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Nathan Baker

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ETSU officials weigh options for stadium design, site

March 1st, 2014 9:03 pm by Nathan Baker

ETSU officials weigh options for stadium design, site

From top, Wofford College's Gibbs Stadium, Austin Peay State's Governors Stadium, and UNC-Charlotte's Jerry Richardson Stadium have all been considered as potential models for a new ETSU football stadium.

A month after East Tennessee State University named the recruiting class for its rebooted football team, school officials are still considering sites and designs for the new stadium in which they will play.

While the location of the team’s new football stadium isn’t set in stone, university President Brian Noland said it’s been narrowed down to one of two spots on the college campus’ western third, each of which present design challenges and benefits.

If the arena is built on the hill behind the physical plant, one of the locations being considered, it would be relatively free of flooding concerns, but construction would require a greater amount of grading and site preparation, which could inflate the cost.

If it’s built lower, where the intramural soccer fields lay now, there would likely not be as much digging, but construction crews may have to mitigate flooding to keep the field dry.

As designers study both locations to pinpoint the most cost-effective solution, Noland said two sets of preliminary plans are being formulated, so the college will be ready to quickly begin construction when a site is officially selected.

ETSU Athletic Director Richard Sander said architects have produced some early proposals for the sites during charrettes, design sessions aimed at creating proposals for dealing with the sites’ unique attributes.

Like many collegiate open-air stadiums, Sander said ETSU’s will likely follow one of two basic designs.

If the stadium is built on the hill, he said it will likely be built below-grade, dug down into the earth with seating built on the sloping sides. If it’s built in the lower location, the stands will have to be built up from scratch.

Sander said ETSU dignitaries have visited a few similarly sized college stadiums recently to view the different designs that could be employed locally.

One, Jerry Richardson Stadium on the campus of the University of North Carolina at Charlotte, is representative of the below-grade construction.

The horseshoe-shaped stadium has a seating capacity of 15,314 spectators and has artificial turf covering the playing surface.

The UNC Charlotte 49ers played their first regular-season game in the facility last August after 18 months of construction at a cost of $45 million, which includes the stadium and a field house.

Officials stayed in-state to view the second, raised stands-type of stadium, on the campus of Austin Peay State University.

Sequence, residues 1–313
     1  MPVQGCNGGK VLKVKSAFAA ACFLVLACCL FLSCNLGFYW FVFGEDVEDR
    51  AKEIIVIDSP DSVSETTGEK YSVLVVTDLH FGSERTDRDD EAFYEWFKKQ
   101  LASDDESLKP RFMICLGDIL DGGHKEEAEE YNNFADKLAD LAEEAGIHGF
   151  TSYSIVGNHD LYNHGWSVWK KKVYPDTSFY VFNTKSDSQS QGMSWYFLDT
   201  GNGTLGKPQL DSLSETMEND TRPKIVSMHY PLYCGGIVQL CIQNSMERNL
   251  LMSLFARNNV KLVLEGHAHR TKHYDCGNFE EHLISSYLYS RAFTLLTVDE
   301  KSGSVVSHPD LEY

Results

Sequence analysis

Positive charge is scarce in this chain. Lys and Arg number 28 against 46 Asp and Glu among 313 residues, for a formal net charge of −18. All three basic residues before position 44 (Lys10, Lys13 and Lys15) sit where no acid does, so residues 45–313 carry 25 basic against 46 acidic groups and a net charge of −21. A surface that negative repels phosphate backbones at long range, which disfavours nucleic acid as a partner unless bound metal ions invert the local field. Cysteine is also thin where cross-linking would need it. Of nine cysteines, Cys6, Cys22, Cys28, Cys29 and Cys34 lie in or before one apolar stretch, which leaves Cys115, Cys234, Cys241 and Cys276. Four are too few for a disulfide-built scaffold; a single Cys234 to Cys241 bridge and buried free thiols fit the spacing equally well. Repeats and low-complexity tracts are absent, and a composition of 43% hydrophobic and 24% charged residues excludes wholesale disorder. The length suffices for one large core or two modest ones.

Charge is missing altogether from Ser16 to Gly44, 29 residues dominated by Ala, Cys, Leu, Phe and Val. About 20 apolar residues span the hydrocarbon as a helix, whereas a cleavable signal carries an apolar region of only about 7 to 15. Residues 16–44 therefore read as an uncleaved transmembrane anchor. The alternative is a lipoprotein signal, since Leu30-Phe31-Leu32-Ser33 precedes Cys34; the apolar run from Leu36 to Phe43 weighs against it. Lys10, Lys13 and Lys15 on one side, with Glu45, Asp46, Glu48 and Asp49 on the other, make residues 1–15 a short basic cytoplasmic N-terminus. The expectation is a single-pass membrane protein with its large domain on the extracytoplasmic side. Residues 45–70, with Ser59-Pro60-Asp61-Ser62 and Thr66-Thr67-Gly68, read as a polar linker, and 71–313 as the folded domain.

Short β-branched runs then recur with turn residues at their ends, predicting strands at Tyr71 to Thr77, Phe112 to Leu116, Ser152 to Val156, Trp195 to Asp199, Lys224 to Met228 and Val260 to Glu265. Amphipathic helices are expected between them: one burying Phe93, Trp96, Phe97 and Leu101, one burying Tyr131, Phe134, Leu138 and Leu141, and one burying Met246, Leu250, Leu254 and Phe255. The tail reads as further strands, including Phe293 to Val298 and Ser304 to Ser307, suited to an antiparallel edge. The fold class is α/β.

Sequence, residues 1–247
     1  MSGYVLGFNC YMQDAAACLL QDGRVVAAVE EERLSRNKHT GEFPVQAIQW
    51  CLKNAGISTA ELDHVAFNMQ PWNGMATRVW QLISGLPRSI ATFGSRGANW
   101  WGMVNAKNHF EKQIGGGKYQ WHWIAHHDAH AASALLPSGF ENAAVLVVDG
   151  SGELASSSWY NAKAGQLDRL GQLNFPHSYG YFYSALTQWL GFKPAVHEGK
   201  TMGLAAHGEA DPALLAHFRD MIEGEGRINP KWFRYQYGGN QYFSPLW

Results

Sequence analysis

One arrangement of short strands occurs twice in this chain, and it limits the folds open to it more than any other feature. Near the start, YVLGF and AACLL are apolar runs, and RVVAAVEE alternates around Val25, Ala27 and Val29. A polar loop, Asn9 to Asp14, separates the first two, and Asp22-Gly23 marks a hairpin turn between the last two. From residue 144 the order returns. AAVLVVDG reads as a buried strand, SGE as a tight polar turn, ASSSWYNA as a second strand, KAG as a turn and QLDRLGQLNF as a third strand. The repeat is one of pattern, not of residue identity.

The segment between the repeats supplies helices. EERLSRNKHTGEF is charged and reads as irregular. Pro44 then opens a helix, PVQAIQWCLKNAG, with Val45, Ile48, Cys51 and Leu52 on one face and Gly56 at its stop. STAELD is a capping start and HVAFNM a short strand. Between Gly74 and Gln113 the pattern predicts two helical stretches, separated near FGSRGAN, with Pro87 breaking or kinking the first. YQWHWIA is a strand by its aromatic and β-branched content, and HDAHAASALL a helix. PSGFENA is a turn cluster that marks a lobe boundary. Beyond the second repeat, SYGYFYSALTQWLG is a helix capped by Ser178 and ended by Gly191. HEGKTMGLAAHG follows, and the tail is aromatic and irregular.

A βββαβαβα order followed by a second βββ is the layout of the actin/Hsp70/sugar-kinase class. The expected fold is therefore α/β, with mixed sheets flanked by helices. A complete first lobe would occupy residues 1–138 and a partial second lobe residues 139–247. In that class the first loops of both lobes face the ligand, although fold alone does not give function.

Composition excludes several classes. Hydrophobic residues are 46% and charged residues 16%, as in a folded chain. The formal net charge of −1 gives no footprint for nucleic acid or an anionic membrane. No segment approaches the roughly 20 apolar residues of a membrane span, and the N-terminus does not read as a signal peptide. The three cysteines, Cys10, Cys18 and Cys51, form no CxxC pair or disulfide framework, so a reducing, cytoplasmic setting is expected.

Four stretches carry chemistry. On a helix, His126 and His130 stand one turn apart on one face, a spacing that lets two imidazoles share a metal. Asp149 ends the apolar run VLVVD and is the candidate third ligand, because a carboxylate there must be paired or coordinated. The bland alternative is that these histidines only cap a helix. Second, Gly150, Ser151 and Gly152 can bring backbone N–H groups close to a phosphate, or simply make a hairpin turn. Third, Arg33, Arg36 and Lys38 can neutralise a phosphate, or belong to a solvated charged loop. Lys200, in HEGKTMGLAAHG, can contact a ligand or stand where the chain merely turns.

The Clarksville college is in the midst of a $16 million demolition and redesign of its Governors Stadium, adding a four-level clubhouse with offices and training spaces on the home side of the field.

The new stadium will seat approximately 10,000 and will keep the pre-existing track that rings the synthetic turf field.

After playing the final game of the season in 2013, Austin Peay intends to have the stadium completed and ready to field a team in 2014.

The rebooted Bucs could play in a stadium like the third example Sander mentioned, Gibbs Stadium, home of ETSU’s soon-to-be Southern Conference opponents, Wofford College.

Gibbs Stadium was built partially below grade and seats about 13,000 spectators.

The stadium was built on the Spartanburg, S.C., campus in 1996 for $4.5 million, but Sander said recent updates caught ETSU’s eye.

In Gibbs, fans can watch the Wofford Terriers on a 57-feet-by-22-feet LED video board installed in 2010, one of the 30 largest in college football.

ETSU is contemplating a stadium with at least 10,000 seats at an $18 million cost.

Last year, the college’s Student Government Association approved a $125 per student per semester fee to contribute $7.5 million in funding to the rebooted program.

Sander said a private fundraising effort should begin soon, and a season tickets-selling campaign should help with the costs.

Lt. Gov. Ron Ramsey vowed to make money available for the stadium project, but Gov. Bill Haslam’s proposed higher-education capital project budget did not include funding for ETSU’s stadium this year.

School officials said the new Bucs will likely play at Science Hill High School’s Kermit Tipton Stadium in 2015, and then move into their permanent home in the new stadium for the 2016 season.

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